If you are a Level2 member tuning into the big game this Sunday, you might see an unexpectedly familiar object starring alongside a celebrity on the commercial break: A Dexcom G6 Continuous Glucose Monitor (CGM) – the leading-edge, wearable technology that is already available to Level2 members for free.
Dexcom’s CGM is a best-in-category device that is already helping Level2 members take control of their type 2 diabetes. The CGM helps better understand how their glucose levels react to a variety of factors, including diet, sleep and exercise so that they can learn how to make healthy changes, feel better, reduce medications, and even put their type 2 into remission.
The commercial features pop star and actor Nick Jonas, who was diagnosed with Type 1 diabetes at age 13.
Jonas fans who remember his Jonas Brothers 15-year-old hit “Year 3000” (a song featuring a high-tech time machine) will especially appreciate the spot. The commercial shows how technologies that once weren’t imaginable have become part of our daily lives. In the meantime, people with diabetes are stuck pricking their fingers to measure their glucose – a time-consuming and painful method developed in the 1970s.
‘People with Diabetes Deserve the Absolute Best Care’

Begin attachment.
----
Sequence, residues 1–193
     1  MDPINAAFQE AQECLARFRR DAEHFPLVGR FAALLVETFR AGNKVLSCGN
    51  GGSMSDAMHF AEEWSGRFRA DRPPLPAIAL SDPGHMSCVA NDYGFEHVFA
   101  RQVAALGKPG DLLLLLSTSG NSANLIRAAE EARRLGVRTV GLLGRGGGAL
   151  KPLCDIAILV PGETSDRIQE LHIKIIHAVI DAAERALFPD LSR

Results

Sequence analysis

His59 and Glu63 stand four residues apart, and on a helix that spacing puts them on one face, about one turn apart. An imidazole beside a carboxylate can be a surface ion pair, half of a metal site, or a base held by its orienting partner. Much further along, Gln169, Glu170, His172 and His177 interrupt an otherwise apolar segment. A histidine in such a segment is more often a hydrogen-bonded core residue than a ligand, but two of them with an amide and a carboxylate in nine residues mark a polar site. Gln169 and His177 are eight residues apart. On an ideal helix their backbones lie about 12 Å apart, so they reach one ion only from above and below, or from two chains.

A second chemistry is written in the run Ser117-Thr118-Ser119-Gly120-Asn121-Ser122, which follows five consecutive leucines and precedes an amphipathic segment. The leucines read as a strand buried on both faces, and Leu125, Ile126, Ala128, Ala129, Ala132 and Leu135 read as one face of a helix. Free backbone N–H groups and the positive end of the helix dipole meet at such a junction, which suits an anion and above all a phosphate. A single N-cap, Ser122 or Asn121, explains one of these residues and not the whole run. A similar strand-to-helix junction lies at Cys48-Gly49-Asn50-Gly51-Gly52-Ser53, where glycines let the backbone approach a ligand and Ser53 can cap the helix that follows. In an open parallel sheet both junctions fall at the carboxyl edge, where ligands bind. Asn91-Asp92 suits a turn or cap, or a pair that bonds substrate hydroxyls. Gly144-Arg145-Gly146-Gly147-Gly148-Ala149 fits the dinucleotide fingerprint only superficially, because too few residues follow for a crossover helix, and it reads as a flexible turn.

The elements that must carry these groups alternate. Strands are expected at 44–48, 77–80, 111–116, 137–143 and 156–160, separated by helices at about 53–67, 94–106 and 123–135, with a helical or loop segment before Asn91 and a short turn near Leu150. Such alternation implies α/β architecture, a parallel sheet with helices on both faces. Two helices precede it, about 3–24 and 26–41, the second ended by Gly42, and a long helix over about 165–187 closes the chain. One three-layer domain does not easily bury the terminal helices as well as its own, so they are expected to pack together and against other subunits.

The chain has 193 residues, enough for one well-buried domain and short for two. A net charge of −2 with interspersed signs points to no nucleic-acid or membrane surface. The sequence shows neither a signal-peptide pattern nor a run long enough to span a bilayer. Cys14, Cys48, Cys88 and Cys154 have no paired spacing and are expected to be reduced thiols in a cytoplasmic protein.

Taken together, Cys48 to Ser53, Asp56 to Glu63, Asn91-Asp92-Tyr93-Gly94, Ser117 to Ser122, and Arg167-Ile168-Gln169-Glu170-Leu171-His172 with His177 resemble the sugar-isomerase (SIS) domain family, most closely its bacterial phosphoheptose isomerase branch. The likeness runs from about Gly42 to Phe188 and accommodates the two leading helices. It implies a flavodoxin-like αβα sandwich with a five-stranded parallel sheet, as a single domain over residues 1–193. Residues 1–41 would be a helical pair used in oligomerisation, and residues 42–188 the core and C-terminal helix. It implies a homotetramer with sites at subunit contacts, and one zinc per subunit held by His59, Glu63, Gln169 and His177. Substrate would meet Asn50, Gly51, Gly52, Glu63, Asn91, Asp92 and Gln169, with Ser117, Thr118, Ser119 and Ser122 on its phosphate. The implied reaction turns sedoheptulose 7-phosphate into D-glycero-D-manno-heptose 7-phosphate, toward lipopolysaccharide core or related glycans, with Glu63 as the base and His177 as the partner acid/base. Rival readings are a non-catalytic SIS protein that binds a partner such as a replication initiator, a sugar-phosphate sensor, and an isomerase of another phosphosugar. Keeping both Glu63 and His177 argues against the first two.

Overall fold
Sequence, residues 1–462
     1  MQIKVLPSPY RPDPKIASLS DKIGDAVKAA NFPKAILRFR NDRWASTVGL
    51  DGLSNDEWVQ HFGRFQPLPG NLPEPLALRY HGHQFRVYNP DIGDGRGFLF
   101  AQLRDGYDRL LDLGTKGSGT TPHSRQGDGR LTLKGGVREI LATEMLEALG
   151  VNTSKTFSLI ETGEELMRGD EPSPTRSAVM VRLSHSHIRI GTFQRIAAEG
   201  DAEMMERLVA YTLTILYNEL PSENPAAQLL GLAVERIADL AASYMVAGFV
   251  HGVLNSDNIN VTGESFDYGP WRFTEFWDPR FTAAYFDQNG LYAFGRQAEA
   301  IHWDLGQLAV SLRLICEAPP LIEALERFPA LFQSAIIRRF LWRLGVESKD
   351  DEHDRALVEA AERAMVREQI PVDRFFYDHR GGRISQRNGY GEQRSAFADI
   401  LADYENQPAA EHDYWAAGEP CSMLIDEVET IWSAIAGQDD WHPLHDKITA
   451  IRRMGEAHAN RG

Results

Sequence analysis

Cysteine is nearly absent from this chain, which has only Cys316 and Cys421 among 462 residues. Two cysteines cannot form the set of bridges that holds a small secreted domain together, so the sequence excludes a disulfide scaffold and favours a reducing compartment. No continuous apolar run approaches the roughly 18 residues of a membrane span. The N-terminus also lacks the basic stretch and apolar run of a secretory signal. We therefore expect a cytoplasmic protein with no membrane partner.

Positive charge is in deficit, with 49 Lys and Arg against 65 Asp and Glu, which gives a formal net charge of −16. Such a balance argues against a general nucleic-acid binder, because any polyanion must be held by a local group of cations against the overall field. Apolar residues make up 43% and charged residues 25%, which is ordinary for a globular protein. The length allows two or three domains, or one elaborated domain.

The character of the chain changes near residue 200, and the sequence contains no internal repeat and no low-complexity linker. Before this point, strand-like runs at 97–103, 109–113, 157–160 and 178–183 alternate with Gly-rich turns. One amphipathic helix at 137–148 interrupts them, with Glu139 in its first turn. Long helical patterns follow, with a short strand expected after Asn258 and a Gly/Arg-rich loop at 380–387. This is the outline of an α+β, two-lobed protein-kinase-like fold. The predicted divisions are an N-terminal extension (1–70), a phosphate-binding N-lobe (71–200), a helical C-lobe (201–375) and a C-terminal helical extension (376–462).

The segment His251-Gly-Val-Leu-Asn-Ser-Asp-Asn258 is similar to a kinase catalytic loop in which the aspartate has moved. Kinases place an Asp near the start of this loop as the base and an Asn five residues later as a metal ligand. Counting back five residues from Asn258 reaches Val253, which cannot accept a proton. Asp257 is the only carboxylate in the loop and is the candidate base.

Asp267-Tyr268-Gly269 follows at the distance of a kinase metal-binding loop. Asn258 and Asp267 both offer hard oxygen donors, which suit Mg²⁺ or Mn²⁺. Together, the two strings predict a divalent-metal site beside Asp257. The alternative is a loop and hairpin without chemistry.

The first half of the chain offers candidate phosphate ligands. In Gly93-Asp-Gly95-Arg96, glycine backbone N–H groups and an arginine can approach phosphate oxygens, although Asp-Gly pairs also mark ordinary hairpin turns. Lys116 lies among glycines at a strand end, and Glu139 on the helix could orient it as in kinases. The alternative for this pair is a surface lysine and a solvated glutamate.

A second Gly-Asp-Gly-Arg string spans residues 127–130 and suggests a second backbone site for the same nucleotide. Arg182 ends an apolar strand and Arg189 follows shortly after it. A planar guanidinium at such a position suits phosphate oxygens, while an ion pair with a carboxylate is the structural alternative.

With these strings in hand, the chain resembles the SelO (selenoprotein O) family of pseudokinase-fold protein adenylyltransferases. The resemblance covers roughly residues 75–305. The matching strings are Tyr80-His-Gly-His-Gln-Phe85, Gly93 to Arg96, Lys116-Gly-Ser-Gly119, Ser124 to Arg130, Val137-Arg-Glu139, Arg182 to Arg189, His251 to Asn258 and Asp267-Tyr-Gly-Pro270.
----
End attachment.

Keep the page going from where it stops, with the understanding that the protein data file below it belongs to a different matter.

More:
“Too many people with diabetes suffer through painful, antiquated fingerpricks because they don’t know a better way exists,” Jonas told Business Wire. “I truly believe people with diabetes deserve the absolute best care, and that’s really the spirit of my first Super Bowl commercial. It means so much to me to bring this message of awareness and the need for improved CGM access to as many people with diabetes as possible.”
Watch the Game with Nick Jonas
Although celebrity-filled commercials are the norm for the big game, this year’s event is far from normal with the Covid-19 pandemic continuing to upend people’s lives. To accommodate the need to social distance and avoid large social gatherings, Dexcom also is offering an opportunity to “watch the game” with Nick Jonas through an interactive augmented reality experience.